Day 1: Arrival in Tehran. Today, I do a city tour of Iran’s capital and visit Azadi tower and the Grand bazaar. I’ll be pretty tired after the flight, so this is a short day.

Day 2: A full-day tour of Tehran, including Golestan palace and the National and Jewelry Museums. Fly to Shiraz

Day 3: I’ll do a full-day city tour of Shiraz, including the Nasirolmolk mosque and Zand Complex. After that, we visit shahcheragh and see its magnificent mirror works and Aliebne hamze with its huge dome. Overnight Shiraz.

Is Iran safe for tourists - The Pink Mosque in Shiraz
The Pink Mosque in Shiraz

Day 4: Excursion to Marvdasht to see Persepolis and Necropolis. After that, back to Shiraz and visit the Quran gate. We’ll visit the Hafez and Saadi temples, too.

Day 5: Drive to Yazd. En-route, visit Pasargadae, the great city of the Achaemenid Empire. When we arrive in Yazd, we will visit Amir Chakhmaq square.

Day 6: Full-day tour of ancient Yazd. Visit the Tower of Silence, Jame mosque, and the Zoroastrian Fire temple. Dowlat Abad Garden and Zoorkhaneh, the place for Iranian sport, is also included.

Khaju Bridge, Isfahan, Iran
Khaju Bridge, Isfahan, Iran

Day 7: Leave Yazd for Isfahan. Isfahan is what I am most looking forward to. Naghsh-e Jahan Square is a UNESCO World Heritage Site and an outstanding example of Iranian and Islamic architecture. Our tour includes the Naghsh-e-Jahan Complex and Chehel sotoun palace. Looking forward to the food here!

Day 8: Visit Vank cathedral in Julfa. We’ll also see the Jame mosque and the Armenian quarter. After that, drive to the Abyaneh village where people are still living the way they did 2500 years ago.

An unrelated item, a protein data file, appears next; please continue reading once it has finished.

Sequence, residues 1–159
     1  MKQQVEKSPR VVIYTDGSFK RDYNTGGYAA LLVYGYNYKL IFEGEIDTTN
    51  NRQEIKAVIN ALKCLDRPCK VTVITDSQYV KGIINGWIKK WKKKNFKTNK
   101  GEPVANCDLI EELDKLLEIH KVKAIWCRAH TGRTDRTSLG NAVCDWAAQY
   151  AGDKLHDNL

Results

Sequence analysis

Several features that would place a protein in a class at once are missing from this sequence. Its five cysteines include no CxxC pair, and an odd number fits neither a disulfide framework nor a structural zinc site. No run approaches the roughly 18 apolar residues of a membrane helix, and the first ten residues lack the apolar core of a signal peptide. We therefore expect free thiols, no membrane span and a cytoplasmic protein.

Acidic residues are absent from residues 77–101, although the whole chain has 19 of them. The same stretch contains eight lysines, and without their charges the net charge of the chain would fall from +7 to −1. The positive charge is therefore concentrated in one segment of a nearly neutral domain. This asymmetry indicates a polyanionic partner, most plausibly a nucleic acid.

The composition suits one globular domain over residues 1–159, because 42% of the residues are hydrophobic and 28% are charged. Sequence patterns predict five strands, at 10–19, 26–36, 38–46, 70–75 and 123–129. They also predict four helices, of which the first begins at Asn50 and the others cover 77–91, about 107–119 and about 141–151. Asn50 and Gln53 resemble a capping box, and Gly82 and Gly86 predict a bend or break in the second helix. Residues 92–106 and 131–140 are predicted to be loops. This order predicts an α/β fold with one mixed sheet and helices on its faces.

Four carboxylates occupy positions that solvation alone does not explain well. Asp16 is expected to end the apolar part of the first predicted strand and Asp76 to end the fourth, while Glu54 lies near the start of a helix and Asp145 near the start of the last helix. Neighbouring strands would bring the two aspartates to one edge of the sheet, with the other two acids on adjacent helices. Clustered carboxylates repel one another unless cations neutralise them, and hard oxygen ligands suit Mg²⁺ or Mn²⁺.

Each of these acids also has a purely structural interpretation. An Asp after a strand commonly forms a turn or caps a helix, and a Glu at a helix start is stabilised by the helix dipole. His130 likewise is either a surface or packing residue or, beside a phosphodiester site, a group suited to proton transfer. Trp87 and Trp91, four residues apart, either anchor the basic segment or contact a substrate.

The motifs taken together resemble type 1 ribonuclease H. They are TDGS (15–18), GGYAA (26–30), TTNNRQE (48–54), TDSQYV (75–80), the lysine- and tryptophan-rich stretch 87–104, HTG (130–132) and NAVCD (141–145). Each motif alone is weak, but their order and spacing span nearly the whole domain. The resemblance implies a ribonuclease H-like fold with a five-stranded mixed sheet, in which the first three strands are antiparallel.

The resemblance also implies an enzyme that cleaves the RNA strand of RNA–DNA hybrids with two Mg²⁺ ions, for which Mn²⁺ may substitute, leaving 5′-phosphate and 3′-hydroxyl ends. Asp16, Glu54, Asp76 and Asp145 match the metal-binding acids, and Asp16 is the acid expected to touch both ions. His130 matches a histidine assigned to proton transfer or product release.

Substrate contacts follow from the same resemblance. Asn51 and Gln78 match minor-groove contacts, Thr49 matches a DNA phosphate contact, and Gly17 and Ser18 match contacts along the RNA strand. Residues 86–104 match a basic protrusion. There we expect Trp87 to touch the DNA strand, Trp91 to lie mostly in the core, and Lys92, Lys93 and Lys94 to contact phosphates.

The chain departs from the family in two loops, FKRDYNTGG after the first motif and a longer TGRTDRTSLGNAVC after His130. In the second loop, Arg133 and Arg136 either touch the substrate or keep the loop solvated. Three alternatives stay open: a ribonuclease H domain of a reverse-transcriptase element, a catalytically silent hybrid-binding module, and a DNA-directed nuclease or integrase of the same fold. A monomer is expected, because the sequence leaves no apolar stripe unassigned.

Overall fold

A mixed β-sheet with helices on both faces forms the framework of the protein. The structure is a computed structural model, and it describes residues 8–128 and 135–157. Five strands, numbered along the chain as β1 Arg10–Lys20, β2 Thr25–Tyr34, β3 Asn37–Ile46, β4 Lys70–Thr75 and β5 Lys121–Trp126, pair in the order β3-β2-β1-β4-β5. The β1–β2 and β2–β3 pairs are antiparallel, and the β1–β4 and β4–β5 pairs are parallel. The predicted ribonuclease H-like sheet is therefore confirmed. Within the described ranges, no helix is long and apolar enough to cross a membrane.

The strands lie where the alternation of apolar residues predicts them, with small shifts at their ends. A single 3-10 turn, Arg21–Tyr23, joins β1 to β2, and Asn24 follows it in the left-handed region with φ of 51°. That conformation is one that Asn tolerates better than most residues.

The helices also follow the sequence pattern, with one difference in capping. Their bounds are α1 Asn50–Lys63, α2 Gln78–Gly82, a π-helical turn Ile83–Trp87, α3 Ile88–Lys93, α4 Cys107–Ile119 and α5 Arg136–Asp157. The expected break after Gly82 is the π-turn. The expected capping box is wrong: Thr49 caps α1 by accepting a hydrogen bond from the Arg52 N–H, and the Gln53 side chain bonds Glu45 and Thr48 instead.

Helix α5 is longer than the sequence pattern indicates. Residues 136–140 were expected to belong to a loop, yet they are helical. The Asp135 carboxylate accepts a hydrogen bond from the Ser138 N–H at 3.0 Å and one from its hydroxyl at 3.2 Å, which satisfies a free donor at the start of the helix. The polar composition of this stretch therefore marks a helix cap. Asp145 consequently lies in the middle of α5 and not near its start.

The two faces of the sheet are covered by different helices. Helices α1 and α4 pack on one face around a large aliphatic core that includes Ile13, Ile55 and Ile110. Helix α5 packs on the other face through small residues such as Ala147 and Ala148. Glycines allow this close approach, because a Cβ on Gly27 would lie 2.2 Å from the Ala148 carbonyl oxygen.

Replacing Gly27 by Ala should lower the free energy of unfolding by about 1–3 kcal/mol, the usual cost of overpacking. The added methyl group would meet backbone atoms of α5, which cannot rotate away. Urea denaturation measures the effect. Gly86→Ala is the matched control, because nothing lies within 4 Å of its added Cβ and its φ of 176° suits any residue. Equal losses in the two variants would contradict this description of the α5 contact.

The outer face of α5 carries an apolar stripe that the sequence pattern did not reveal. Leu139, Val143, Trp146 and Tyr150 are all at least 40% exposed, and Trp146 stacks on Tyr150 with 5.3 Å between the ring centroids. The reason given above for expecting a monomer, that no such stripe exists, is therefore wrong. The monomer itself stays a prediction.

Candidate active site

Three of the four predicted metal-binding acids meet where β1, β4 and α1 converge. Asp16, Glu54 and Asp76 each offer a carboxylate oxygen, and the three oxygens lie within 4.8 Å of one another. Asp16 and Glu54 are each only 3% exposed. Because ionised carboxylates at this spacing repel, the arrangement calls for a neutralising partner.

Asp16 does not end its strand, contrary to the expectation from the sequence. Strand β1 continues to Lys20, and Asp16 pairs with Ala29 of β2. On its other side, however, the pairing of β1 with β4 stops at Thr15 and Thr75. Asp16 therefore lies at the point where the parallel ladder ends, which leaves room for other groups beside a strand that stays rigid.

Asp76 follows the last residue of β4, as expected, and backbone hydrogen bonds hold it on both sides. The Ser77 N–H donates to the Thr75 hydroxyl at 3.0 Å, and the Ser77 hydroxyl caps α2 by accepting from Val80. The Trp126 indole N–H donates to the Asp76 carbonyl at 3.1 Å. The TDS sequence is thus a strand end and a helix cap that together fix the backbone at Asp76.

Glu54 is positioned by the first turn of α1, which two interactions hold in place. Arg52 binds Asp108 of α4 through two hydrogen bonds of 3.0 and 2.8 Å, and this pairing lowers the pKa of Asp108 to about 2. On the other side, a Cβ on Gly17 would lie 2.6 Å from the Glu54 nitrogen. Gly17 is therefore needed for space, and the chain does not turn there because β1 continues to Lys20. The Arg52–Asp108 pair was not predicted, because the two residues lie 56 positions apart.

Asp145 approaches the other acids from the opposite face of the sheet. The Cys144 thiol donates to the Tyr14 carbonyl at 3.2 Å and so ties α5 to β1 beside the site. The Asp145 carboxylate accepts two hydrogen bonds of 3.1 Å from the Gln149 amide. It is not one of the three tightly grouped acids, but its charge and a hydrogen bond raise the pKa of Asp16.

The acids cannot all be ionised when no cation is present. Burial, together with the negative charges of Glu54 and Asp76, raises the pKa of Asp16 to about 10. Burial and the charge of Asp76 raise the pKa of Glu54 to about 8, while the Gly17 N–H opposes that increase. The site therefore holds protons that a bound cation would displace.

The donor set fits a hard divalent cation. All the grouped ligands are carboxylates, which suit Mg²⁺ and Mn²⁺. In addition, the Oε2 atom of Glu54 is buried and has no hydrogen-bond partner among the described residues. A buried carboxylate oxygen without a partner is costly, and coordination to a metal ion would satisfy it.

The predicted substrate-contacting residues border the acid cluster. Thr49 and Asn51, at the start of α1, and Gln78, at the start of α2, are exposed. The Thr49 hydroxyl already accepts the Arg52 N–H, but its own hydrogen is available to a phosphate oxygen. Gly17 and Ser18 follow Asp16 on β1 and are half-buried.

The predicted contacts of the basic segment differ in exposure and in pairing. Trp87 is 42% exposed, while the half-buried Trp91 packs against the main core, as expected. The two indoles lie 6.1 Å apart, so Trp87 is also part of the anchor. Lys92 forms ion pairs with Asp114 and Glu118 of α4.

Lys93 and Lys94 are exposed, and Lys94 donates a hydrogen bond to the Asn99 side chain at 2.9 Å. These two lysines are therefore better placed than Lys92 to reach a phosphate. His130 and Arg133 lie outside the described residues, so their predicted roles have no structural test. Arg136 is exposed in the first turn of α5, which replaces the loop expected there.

Day 9: After breakfast, drive into Kashan. This old Iranian city has lots of historical sites, like Tabatabaie and Borojerdi House and Fin Garden. Kashan is one of the oldest cities in western Iran. Its unique houses are famous. Here, they also manufacture carpets, silk and other textiles.

Finally, and sadly, my Iran 9-day itinerary ends and we drive to the airport for my departure flight.


Doha, Qatar (image by Rob Potvin)
Doha, Qatar (image by Rob Potvin)

It’s not just an Iran 9-day itinerary! My trip includes a couple of stop-overs in Doha, Qatar. And, as luck would have it, Qatar Airways offers transiting visitors a free city tour that includes a complementary visa. So in addition to my Iran trip, I get to see part of an entirely different country.

The downside: It’s too short

An Iran 9-day itinerary is better than no time there at all, but I feel as though the trip should be longer. Of course, with “longer” comes more expensive, and this trip was such a great deal that I bought it knowing it wouldn’t cost much.

My entire trip – including flights, tours, entrance fees, many meals, and internal transportation, will cost exactly $2,000. So that’s not bad, considering it will be both a trip of a lifetime and an education. I’m not much for souvenirs, so a few fridge magnets will do.